Drama
 

Imperium

Distributed by: Lionsgate Premiere


Reviewed by Melissa Minners

 

                When you’re home with a cold, you tend to stare at the television, searching for something to make you feel better.  For me, that would be a movie I haven’t seen before that seems interesting and will keep me from falling asleep…yet again…drooling like the dead.  While surfing channels, I discovered a movie I had never heard of before starring Daniel Radcliffe as an FBI agent.  I thought, “Hey, this looks interesting.”

                In Imperium, Daniel Radcliffe is Nate Foster, an FBI agent that spends most of his time in the field office behind a computer, filing reports and feeling less than enthusiastic about his career.  That is, until he is approached by Agent Angela Zamparo (Toni Collette), who suspects that white supremacists may be involved in a recent theft of illegally imported caesium-137.  The amount of caesium-137 and the volatility of the chemical substance leads Zamparo to believe that the supremacists are about to start a race war ala the attempt by Timothy McVeigh in Oklahoma.

                Zamparo sees something in Nate that leads her to believe he can go undercover and infiltrate a white supremacist group associated with her main target, conservative talk radio host Dallas Wolf (Tracy Letts), who she believes is inciting and perhaps in charge of a homegrown terrorist plot.  Fellow high-ranking Agent Tom Hernandez (Nestor Carbonell) thinks this is a bad idea and, in fact, a wild goose chase, but allows Zamparo and Nate some leeway in case he is wrong.

                Introduced into a small group led by Vince Sargent (Pawel Szajda), Nate is eventually introduced to the leaders of all of the local white supremacy movements.  Each group’s leader has reasons for wanting a race war, but not every group has the means or capability to know what to do with the missing caesium-137, nor the vision to carry out a terrorist act that will start this war.  As Nate rules out who might be capable of such an act, he learns more and more about the cause and who each of the players are.  But when it comes time to snatch up those responsible for the missing explosive materials, the real leader of the plot surprises even Nate.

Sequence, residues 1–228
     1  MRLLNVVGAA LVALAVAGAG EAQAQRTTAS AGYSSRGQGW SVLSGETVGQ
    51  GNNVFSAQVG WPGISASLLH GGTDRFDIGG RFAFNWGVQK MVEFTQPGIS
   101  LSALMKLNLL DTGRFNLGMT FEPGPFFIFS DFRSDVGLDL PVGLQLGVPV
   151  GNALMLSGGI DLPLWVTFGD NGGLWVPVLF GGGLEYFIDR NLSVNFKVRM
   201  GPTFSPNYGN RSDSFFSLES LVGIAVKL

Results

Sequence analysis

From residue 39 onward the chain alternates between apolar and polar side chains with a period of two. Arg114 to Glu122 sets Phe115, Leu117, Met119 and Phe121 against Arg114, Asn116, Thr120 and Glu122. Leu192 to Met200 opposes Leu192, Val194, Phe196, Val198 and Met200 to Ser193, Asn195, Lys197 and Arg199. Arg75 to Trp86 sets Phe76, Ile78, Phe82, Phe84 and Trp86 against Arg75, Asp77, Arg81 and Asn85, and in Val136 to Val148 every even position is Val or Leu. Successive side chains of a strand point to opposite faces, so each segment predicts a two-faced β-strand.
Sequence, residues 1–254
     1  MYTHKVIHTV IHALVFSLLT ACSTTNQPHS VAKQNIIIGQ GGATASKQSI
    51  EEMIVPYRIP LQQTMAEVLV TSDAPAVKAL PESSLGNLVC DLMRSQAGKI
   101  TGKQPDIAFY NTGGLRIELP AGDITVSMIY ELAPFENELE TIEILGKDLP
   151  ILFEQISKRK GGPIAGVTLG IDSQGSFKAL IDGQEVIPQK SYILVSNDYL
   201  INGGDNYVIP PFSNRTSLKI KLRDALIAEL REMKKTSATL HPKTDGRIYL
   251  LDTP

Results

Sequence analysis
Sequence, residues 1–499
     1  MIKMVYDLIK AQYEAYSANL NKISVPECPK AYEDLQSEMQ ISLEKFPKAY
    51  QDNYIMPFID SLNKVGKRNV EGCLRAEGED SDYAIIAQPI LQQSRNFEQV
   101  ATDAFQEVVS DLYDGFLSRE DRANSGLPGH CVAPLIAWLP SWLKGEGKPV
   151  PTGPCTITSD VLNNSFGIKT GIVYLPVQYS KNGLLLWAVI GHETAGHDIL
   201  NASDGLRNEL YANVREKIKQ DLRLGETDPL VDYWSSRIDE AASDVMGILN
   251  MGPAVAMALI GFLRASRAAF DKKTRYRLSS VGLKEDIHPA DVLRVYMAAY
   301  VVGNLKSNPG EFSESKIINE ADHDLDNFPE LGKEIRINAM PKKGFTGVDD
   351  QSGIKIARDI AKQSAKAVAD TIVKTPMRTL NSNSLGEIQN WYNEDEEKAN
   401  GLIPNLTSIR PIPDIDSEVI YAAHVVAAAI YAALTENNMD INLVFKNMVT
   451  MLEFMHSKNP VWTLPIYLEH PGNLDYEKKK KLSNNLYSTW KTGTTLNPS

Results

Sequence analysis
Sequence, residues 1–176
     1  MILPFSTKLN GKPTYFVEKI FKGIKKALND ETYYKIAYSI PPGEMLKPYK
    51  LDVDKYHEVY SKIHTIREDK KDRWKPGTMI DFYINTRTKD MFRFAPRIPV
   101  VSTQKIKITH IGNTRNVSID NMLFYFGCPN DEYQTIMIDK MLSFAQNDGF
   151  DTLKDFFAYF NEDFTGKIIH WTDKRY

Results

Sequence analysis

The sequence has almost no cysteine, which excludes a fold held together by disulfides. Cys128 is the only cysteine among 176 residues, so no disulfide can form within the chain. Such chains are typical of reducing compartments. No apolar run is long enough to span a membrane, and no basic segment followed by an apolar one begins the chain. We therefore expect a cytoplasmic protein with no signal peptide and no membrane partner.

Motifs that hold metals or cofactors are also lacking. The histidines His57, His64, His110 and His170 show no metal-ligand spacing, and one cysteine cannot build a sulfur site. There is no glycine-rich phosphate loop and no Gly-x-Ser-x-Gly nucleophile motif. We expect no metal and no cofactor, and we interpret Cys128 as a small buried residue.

I was surprised to learn that there wasn’t much hype about Imperium and that it only had a limited release in theaters.  As I see it, Imperium is a rather eye-opening film, offering insight into the minds of the various white supremacy groups out there.  Where American History X was an introduction into the reasons behind an individual becoming involved in the movement and what it is about to them, this movie goes a tad bit further, teaching us more about the differences between each group and what they stand for.  While some of their claims are outrageous, some actually make sense from a certain point of view and one could actually see how some could fall sway to the reasoning of some of these groups.

                The other similarity I see with American History X is that there is actually one member of the group who joined after a bad experience with members of another race.  By the end of the film, he realizes that he doesn’t really believe in the cause and decides to change his path, becoming a mentor for others and explaining how he realized he needed to change.  Sound familiar?

                Daniel Radcliffe shows incredible diversity in this film, presenting as a geeky computer nerd in the beginning of the film and becoming a tough, no-nonsense character by the end.  His transformation into a former soldier with access to explosives who believes America is letting him down due to the color of his skin is remarkable to behold.  Also impressive was Sam Trammell as Gerry Conrad, an engineer and cultured family man with ties to the white power movement.

                The storyline of the film is excellent, though I felt the end a bit rushed.  I knew who the planner of the dirty bomb was going to be by the last half hour, but that doesn’t mean the story was any less fascinating.  Being a history buff, I loved that the creators of this film added true stories in the telling of this tale, commenting on the McVeigh’s of the world and bringing this movement into focus for those who have no idea how large it has become thanks to social media and the internet. 

                Imperium is a very timely film that raises further awareness to what we already see happening thanks to the recent presidential election.  Those who kept to the shadows are coming out and preaching hate to all who will listen and Imperium basically calls them out while reminding us to be ever vigilant against these groups.  I like movies that make you think and raise awareness to things that are happening in our lives whether we realize them or not.   Imperium is an excellent movie with terrific acting and a great storyline that will make you think and that is the mark of a great film.

 

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